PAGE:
Avoid Common Mistakes when Working with Reduce

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Published 9 years ago
Updated 5 years ago

In this lesson, we will be looking at two common mistakes programmers make when working with reduce. We will see why we always need to pass in an initial value for our accumulator as well as return the accumulator.

[00:01] You know how JavaScript has a bunch of these curiously endearing little features? Like if you say console.log number one equals string one, what's it going to say? It's going to say true, because it's trying to help you. You have to go out of your way to make sure you use the triple equals in order to get JavaScript to acknowledge that these are not actually the same thing.

[00:24] Well, there's something similar when you're reducing arrays. Let's say we have an array of numbers. Textbook reduce example here, and we want to add these numbers up. We know the way this works. We know we're going to have a function called a reducer. It's going to take our accumulator. It's going to take our value. It's going to return the accumulator plus the value.

[00:45] We know that if we say var sum equals data.reduce with this reducer, then that's going to add those up. But I made a mistake here. Do you see what it is? I need to give it the initial value for the accumulator, and I didn't. You might expect this to fail.

[01:06] But actually it's going to work just fine. Wait a second. How did that happen? I thought the accumulator is always what got passed in as the returned value from the previous time the reducer was called. So the very first time it runs, when the value is one, this accumulator should be undefined.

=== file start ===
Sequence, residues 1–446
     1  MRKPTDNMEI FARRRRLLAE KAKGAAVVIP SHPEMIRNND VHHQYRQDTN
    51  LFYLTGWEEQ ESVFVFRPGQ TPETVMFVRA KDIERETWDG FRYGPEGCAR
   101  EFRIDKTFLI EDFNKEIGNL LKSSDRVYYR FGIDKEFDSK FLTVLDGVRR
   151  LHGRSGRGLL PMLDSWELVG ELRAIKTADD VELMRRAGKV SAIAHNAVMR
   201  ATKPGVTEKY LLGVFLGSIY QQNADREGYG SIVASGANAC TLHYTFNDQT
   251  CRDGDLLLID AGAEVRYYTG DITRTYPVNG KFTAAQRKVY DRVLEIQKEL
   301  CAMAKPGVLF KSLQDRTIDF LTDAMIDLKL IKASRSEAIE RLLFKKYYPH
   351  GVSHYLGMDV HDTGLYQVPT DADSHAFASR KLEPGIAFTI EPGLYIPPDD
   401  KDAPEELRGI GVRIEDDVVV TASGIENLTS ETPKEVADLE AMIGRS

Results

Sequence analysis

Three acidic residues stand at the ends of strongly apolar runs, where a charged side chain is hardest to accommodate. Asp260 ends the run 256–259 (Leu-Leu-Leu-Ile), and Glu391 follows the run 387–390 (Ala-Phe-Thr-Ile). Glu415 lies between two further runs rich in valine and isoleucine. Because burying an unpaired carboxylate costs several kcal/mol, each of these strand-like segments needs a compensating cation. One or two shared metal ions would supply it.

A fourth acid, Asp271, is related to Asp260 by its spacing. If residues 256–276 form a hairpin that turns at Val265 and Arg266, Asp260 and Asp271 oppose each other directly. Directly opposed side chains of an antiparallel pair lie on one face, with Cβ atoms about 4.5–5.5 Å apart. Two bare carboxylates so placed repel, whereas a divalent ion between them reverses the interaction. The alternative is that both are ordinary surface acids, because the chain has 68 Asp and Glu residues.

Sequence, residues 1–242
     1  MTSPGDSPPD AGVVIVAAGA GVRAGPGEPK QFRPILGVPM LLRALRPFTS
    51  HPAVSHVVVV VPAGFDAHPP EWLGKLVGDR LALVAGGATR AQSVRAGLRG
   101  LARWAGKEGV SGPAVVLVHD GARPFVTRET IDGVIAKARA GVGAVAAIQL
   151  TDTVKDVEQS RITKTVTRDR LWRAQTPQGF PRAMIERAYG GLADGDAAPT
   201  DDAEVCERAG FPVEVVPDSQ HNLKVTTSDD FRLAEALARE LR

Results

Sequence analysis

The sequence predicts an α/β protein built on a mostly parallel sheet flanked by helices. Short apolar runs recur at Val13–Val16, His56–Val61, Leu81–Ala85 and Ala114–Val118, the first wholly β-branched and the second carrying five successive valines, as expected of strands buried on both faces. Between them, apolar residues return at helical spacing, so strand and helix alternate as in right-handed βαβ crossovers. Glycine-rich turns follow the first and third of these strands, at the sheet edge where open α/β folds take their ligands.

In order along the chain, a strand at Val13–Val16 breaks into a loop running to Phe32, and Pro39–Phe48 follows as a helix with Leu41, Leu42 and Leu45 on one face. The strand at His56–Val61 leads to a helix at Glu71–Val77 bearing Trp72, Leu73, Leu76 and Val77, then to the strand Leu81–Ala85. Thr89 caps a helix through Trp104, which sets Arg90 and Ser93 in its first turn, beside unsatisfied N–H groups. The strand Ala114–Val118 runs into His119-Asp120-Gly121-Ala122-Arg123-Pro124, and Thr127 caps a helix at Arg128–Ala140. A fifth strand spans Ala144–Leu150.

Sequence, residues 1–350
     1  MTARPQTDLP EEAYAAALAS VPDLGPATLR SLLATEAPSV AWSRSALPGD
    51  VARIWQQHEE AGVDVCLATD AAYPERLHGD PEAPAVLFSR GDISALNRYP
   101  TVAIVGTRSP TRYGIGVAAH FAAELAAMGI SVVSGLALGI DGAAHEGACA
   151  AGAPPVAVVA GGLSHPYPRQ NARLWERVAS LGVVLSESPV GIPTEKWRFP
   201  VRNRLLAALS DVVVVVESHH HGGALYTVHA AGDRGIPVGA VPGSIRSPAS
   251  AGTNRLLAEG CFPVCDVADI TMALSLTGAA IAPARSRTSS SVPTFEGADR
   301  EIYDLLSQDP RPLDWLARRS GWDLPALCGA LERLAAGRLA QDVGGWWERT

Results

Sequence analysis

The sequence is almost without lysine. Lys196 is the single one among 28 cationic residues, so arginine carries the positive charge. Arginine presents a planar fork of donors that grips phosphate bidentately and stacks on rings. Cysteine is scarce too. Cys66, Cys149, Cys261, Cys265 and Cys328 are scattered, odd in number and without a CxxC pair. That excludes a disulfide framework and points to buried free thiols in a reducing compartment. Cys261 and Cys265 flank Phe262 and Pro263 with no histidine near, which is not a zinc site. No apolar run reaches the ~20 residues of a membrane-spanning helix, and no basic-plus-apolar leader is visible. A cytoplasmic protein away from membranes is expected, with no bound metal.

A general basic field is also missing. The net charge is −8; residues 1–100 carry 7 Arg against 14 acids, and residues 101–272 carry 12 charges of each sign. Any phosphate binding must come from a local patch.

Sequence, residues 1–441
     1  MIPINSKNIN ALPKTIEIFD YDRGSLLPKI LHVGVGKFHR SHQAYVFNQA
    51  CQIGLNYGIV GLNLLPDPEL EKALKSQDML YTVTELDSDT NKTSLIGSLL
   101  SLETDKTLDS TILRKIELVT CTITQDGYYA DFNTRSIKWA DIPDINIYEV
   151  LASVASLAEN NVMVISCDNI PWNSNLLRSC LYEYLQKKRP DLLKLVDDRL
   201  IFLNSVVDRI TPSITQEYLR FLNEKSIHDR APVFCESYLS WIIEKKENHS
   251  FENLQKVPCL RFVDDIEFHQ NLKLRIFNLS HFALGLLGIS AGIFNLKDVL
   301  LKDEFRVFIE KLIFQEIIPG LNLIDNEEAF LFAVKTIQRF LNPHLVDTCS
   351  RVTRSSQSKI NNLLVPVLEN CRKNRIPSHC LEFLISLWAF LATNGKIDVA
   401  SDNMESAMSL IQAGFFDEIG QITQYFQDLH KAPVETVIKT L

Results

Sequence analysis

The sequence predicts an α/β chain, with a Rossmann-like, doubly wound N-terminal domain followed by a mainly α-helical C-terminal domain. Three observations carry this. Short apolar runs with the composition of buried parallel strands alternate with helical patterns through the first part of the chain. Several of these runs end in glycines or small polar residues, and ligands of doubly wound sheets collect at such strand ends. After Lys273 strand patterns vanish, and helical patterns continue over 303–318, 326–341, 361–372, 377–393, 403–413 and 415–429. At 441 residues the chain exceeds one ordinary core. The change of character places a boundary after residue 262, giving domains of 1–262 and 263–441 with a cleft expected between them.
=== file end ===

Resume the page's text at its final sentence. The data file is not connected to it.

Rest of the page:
[01:24] Well, in the JavaScript implementation of reduce, they've got this handy little feature where if you don't pass in an initial value, it just assumes that the first item in your array is your initial value. This works like exactly for one scenario, which is when you're trying to add up a list of numbers.

[01:42] If you're trying to, I don't know, tally up votes or something, like how many votes were cast for each of these values, and you want to do something like this, where if accumulator has a value for that key, accumulator value equals accumulator value plus one. Otherwise accumulator value equals one. Then you just return the accumulator.

[02:21] The way you normally do something like this is you pass in that empty object. When we run this, we can see we had two votes for each of these things. What happens if we leave this out in this case? Weird.

[02:41] The accumulator was just vote one. Because when we didn't specify an initial value, it assumed that this is our initial value. Strings are primitives. They can't have properties, and so this always resolves to false. What's going to happen is that that initial value is just going to get returned every time.

[03:03] Bugs like this can happen. They're incredibly hard to understand or figure out what the hell's happening. It's not like it's throwing an exception. It's not like it's returning undefined. It's returning a value. It's just, where the hell did that come from?

[03:18] Another common mistake that you'll see is if you forget to return the accumulator. You do your logic, but you don't actually...Let's not be making two mistakes at once here. You've got all your logic, everything is good, but you forgot to return the accumulator, and now it's saying the accumulator value is undefined? What do you mean the accumulator is undefined? I set this in here.

[03:42] Well, this is actually the second time it runs, because the first time it ran it never returned a new accumulator. Accumulator became null the second time this ran, and you're going to get that kind of an error.

[03:54] Two takeaways here. Number one, always pass in an initial value for your accumulator. Never rely on the fact that it'll automatically work when you're summing numbers, because the bugs you're going to find are really quite magnificent. Number two, always double check and make sure that you're actually returning the accumulator.

~ an hour ago

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